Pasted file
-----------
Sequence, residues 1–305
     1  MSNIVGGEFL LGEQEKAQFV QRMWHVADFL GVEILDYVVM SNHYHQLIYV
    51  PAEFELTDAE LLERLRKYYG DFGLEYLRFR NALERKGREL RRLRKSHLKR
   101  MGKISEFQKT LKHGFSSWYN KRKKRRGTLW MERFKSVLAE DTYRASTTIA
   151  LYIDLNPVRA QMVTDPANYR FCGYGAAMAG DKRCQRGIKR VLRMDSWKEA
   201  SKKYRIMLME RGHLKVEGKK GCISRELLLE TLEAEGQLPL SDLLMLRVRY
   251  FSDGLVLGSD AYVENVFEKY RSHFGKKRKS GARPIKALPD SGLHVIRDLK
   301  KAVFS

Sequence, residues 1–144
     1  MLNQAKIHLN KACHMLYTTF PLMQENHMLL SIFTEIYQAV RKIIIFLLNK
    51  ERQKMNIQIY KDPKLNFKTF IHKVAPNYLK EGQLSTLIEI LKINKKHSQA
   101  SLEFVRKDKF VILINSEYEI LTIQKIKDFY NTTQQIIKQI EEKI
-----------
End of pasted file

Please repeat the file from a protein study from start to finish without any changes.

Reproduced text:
Sequence, residues 1–305
     1  MSNIVGGEFL LGEQEKAQFV QRMWHVADFL GVEILDYVVM SNHYHQLIYV
    51  PAEFELTDAE LLERLRKYYG DFGLEYLRFR NALERKGREL RRLRKSHLKR
   101  MGKISEFQKT LKHGFSSWYN KRKKRRGTLW MERFKSVLAE DTYRASTTIA
   151  LYIDLNPVRA QMVTDPANYR FCGYGAAMAG DKRCQRGIKR VLRMDSWKEA
   201  SKKYRIMLME RGHLKVEGKK GCISRELLLE TLEAEGQLPL SDLLMLRVRY
   251  FSDGLVLGSD AYVENVFEKY RSHFGKKRKS GARPIKALPD SGLHVIRDLK
   301  KAVFS

Sequence, residues 1–144
     1  MLNQAKIHLN KACHMLYTTF PLMQENHMLL SIFTEIYQAV RKIIIFLLNK
    51  ERQKMNIQIY KDPKLNFKTF IHKVAPNYLK EGQLSTLIEI LKINKKHSQA
   101  SLEFVRKDKF VILINSEYEI LTIQKIKDFY NTTQQIIKQI EEKI